Nathan Phillips — the Native American who walked into a crowd of Catholic high school boys on the steps of the Lincoln Memorial last week as he chanted and beat a drum and stood face-to-face with student Nick Sandmann, an encounter that's ignited anger and further division among Americans — said he forgives the students.
"Even though I'm angry, I still have that forgiveness in my heart for those students," Phillips told NBC News' Savannah Guthrie in an interview that aired Thursday on "Today."
Image source: NBC News video screenshot
Phillips added, "For all those who've been mean to me, I wanna forgive 'em."
NBC News said Phillips was "stared down" by Sandmann, one of the students from Kentucky's Covington Catholic High School following their participation in Friday's March for Life in Washington, D.C.
And of Sandmann, Phillips told NBC News, "I forgive him."
But Phillips didn't sound impressed by Sandmann's statements following the encounter, telling Guthrie the teen's words sounded "coached and written up for him" and smacked of "insincerity, lack of responsibility. Those are the words I came up with."
However, Phillips said he prayed about the situation and "woke up with this forgiving heart and so, I forgive him."
What's the background?
Numerous media outlets accused the students of surrounding and trying to intimidate Phillips based on an initial video that went viral, but additional clips showed that Phillips walked over and into the middle of the group of students.
"The protestor everyone has seen in the video began playing his drum as he waded into the crowd, which parted for him," Sandmann said in a statement. "I did not see anyone try to block his path. He locked eyes with me and approached me, coming within inches of my face. He played his drum the entire time he was in my face."
Image source: YouTube screenshot
This is how the NBC News story that accompanies Phillips' Thursday interview describes that moment: "[Phillips] was then met by Sandmann, who stood a foot or two from Phillips' face, with what critics have called a disrespectful smirk on his face. Sandmann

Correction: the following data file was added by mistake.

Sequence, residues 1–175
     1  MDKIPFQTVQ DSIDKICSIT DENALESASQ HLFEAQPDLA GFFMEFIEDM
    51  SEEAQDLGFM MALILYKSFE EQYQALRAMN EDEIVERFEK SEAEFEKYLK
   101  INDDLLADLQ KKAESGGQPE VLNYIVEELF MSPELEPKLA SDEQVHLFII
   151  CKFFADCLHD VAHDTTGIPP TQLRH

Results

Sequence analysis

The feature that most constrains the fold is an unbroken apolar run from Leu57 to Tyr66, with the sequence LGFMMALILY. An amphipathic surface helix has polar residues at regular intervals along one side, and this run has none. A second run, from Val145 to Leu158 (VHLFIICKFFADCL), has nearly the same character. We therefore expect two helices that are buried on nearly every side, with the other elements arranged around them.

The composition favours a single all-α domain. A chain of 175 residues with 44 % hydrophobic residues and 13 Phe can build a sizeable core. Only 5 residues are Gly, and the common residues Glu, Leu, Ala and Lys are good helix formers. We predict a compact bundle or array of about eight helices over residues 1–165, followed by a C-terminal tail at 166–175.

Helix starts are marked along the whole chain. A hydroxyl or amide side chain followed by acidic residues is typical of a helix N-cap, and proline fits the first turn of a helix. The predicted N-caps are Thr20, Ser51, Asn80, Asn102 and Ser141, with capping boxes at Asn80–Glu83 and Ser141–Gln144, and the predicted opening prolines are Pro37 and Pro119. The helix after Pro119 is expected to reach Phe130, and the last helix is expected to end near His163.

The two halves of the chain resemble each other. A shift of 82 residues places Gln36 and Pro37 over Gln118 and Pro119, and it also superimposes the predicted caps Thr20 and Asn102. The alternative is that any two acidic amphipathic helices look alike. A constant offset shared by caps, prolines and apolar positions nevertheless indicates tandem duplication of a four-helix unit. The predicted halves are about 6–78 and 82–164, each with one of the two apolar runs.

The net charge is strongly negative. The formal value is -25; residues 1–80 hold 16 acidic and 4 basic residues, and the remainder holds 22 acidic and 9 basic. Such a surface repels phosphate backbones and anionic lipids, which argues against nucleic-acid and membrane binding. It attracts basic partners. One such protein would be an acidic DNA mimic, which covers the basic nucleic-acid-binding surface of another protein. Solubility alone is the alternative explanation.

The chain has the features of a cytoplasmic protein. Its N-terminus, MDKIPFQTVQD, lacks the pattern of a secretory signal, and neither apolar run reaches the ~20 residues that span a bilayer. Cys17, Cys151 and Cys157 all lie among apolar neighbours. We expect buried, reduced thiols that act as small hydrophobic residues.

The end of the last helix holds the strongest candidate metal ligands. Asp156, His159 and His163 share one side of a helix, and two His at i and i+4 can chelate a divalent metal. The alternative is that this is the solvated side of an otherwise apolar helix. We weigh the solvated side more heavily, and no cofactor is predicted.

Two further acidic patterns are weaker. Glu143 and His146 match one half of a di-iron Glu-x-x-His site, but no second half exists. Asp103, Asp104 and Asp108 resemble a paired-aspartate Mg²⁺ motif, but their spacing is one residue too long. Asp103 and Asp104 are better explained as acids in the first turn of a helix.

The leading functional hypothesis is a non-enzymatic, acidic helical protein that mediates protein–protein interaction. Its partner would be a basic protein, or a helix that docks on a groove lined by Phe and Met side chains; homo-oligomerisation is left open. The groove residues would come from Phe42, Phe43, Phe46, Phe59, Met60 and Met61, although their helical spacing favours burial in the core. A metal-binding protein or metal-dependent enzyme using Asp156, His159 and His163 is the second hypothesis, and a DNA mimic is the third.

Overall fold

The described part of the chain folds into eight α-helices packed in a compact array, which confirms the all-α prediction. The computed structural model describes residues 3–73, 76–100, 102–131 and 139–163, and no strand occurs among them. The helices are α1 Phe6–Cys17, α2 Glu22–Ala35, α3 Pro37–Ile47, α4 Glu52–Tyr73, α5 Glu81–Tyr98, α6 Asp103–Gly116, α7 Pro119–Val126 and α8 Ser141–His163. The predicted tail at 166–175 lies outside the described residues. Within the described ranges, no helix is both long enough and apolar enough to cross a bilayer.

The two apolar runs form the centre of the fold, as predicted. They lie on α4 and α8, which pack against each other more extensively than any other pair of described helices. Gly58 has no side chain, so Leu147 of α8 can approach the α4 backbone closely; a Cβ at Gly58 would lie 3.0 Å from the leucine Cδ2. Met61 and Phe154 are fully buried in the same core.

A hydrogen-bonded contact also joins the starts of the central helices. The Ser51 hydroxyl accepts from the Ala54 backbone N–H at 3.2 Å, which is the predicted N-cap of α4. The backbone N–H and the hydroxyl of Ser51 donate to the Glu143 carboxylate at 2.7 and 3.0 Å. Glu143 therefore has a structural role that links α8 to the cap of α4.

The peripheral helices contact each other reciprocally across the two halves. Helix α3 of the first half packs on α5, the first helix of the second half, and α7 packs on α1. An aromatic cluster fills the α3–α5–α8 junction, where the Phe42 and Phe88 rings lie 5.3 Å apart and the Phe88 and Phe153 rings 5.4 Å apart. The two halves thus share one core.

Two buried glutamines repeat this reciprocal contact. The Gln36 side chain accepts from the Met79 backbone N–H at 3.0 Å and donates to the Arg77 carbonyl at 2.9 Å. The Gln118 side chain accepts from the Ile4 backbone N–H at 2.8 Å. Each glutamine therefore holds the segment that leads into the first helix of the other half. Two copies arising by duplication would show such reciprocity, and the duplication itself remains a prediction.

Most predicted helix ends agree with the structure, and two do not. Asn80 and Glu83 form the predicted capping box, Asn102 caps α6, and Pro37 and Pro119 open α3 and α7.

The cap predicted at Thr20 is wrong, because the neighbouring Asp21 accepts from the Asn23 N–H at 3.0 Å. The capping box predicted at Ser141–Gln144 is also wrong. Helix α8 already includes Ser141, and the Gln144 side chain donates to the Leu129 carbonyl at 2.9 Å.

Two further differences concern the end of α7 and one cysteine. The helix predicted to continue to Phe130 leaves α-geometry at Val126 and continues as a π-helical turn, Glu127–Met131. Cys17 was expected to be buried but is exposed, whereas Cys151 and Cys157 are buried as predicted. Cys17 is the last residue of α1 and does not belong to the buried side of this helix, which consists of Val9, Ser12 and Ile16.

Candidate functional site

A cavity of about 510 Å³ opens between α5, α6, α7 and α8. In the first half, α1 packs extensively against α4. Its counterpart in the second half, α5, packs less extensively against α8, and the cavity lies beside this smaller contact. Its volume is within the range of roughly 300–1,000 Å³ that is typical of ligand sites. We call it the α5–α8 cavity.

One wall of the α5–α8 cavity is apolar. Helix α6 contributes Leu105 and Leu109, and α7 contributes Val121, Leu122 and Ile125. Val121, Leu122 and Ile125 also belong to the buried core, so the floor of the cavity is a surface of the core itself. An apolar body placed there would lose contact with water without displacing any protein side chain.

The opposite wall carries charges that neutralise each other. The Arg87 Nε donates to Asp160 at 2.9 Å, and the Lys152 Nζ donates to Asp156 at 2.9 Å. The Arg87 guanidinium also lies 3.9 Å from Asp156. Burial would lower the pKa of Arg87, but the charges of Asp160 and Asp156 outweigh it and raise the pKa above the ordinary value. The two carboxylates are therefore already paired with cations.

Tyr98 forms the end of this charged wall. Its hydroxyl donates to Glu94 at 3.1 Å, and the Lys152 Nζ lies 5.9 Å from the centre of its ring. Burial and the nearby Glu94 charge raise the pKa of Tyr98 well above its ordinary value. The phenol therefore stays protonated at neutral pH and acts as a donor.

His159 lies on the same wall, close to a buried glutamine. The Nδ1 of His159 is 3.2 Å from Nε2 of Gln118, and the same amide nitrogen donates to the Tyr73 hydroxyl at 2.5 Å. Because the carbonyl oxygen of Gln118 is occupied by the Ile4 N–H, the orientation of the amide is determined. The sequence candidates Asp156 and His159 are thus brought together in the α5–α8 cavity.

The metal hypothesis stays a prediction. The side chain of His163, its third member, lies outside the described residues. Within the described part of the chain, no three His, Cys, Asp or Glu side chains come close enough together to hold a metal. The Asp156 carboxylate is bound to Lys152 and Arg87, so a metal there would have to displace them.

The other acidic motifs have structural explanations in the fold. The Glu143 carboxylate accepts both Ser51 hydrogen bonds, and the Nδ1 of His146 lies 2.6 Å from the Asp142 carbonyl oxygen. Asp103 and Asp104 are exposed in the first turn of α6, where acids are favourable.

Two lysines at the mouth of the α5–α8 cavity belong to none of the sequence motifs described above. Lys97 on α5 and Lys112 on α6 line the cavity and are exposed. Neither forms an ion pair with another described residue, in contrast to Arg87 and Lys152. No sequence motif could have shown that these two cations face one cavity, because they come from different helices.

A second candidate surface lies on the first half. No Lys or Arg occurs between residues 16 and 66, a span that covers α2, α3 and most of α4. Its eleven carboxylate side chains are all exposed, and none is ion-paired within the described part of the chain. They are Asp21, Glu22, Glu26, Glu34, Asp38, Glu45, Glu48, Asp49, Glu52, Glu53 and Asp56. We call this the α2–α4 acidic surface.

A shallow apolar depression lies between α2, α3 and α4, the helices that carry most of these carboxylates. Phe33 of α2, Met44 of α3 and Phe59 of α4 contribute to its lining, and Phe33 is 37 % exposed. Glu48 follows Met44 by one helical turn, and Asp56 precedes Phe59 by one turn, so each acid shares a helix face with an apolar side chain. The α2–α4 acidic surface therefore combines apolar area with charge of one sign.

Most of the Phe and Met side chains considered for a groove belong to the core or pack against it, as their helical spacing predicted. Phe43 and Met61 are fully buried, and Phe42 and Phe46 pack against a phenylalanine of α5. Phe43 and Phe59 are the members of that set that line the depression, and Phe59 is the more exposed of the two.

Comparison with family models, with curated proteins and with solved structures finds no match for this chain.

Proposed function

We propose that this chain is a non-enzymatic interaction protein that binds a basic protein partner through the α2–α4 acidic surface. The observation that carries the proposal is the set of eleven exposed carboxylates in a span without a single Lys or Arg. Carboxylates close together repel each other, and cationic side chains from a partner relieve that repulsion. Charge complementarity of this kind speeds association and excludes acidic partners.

said he was smiling."
Phillips also told Guthrie that he was "trying to walk away" and "that mass of young men surrounded me and the folks that were with me." Phillips added that just after spotting a space to walk through "a person was there" and that "I was blocked."
Guthrie also asked Phillips if he heard the students chant "build that wall," a claim he initially made despite the lack of video corroboration — a point she also notes to him.
"You know, I did hear that," Phillips replied. "And I have seen some out there on the internets where you can hear them saying 'build that wall.'"
Here's a collection of clips that shows a more complete version of events. There's no evidence that "build that wall" was uttered, and the video shows Phillips had numerous options of where he could walk. (Content warning: Language):
Prior to the encounter with Phillips, the video showed members of the Black Hebrew Israelites verbally harassing the students with racist and homophobic slurs. The students — a number of whom were wearing MAGA hats — reacted with chants used at their school's athletic events.
Here's a report on the Black Hebrew Israelites' actions. It includes Phillips claiming the Covington students said racist things back to the Black Hebrew Israelites, but "CBS This Morning" indicated that no video evidence backs up Phillips' claim:
Twitter ended up suspending a suspicious account that spread the misleading initial video and a tech expert told CNN Business that a network of anonymous accounts worked to make the video go viral.
What else did Phillips say to Guthrie?
As for the controversy surrounding his military service — media outlets have incorrectly reported that Phillips is a Vietnam veteran when he never went overseas — Phillips told Guthrie that "what I've always said is that I never stepped foot in South Vietnam." He was a Marines reservist at the time of the war.